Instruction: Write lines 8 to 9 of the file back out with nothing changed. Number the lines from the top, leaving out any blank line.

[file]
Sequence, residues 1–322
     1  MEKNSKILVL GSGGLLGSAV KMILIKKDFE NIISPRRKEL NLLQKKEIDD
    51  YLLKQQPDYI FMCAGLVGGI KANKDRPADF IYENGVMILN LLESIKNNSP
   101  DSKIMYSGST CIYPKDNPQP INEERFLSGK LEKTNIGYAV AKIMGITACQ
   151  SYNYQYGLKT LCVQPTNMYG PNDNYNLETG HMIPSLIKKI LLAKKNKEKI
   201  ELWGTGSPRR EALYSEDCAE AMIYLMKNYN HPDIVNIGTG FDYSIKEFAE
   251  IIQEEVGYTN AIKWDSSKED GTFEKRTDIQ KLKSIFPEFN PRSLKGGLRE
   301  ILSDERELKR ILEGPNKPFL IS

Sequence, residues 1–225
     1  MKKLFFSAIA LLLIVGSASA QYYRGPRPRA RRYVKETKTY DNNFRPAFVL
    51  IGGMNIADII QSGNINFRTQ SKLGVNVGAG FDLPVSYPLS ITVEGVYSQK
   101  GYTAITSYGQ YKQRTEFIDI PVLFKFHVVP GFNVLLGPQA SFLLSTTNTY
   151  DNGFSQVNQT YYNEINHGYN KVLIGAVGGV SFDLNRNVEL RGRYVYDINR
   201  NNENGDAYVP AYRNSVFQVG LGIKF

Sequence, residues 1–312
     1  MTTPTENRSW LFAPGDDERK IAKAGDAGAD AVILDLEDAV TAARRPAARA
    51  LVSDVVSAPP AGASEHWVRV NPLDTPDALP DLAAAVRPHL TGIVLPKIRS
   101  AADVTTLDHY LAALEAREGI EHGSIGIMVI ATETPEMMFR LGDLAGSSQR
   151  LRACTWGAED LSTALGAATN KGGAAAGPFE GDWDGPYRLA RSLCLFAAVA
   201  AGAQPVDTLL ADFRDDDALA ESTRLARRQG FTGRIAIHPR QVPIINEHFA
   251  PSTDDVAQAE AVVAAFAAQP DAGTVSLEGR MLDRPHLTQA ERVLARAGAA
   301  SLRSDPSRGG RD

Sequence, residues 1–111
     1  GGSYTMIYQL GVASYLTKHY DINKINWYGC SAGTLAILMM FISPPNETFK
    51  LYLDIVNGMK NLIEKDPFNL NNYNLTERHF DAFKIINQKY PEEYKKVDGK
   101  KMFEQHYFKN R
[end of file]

   301  ILSDERELKR ILEGPNKPFL IS

Sequence, residues 1–225